Filmmaker: Early in the film, you discuss how The New York Times is a very important paper that’s somewhat under attack right now. Thinking of the film through that prism, of Trump’s tirades against “All the News That’s Fit to Print,” did it push you to finally make the film? To create this multi-decade spanning passion project into a film that’s meant to be shared with others?

Berliner: It was never a question that I wouldn’t be able to make a film about the impending extinction of a newspaper without tackling what the implications were (and what was at stake) in its loss. It became apparent in 2016, as Trump called The Times a disgusting, failing newspaper and the enemy of the people, that my film would have to reflect and embrace the issues of the current political moment. I’ve always aspired to find the balance between the personal and the universal, the personal as means to expressing the universal, and so forth. I am a concerned citizen of the world. As a filmmaker and as an artist, it’s my role and responsibility, if I’m going to work with photographs from the newspaper and deal with the urgency of this moment in time, to confront issues like freedom of the press and remind the viewer of the things we take for granted. What does freedom of the press mean? What does it mean that technology is changing the media landscape?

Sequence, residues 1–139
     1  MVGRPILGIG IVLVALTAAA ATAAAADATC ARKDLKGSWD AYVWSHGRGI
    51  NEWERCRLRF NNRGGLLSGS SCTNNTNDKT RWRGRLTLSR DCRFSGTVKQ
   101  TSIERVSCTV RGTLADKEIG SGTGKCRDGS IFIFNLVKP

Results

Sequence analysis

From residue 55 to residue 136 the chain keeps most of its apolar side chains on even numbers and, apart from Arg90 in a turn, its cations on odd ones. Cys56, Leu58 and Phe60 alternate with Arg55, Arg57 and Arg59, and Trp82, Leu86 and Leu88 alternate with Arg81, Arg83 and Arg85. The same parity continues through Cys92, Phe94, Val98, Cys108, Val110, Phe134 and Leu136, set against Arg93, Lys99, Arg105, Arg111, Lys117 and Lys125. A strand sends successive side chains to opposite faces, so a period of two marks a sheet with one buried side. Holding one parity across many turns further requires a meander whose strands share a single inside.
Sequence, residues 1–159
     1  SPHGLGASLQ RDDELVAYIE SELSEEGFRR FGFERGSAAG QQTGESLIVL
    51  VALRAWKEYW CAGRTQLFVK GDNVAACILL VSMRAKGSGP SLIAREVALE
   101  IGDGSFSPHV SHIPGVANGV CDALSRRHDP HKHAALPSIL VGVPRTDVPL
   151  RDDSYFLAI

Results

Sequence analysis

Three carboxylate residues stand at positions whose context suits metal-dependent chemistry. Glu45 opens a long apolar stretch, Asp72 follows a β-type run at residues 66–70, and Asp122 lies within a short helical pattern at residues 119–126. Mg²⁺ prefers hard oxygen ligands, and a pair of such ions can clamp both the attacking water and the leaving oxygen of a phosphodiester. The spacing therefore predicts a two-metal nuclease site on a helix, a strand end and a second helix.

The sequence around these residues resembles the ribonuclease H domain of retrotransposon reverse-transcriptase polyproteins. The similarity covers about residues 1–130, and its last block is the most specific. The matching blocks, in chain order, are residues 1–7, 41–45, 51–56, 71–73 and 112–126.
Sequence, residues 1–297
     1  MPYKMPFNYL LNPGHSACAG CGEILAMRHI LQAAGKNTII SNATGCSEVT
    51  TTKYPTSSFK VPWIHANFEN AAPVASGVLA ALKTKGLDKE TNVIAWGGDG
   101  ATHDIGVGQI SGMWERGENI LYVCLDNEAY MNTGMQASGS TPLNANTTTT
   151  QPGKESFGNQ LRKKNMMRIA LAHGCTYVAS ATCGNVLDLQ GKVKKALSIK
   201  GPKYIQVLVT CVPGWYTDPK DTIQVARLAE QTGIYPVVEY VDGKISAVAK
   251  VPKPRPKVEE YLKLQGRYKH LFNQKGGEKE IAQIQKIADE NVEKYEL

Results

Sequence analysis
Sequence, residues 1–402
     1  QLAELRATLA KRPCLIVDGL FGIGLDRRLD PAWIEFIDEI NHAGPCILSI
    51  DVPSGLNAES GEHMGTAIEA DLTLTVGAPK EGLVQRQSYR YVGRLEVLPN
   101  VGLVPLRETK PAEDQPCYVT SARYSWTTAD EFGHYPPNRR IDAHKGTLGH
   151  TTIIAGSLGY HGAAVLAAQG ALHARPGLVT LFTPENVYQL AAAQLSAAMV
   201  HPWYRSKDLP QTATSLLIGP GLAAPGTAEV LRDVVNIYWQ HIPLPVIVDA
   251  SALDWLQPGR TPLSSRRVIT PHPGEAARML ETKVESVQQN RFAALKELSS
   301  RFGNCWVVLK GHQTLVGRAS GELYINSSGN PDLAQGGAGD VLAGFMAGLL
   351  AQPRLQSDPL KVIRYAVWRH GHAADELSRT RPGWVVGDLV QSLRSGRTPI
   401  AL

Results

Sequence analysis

While I think the film is about the current political moment, I also think it covers news (good, bad, fake) and the entire landscape of the world we’re currently living in, as well as the dangers we face due to the changes in technology and how they’ve affected both how we receive the news and who’s sending it to us.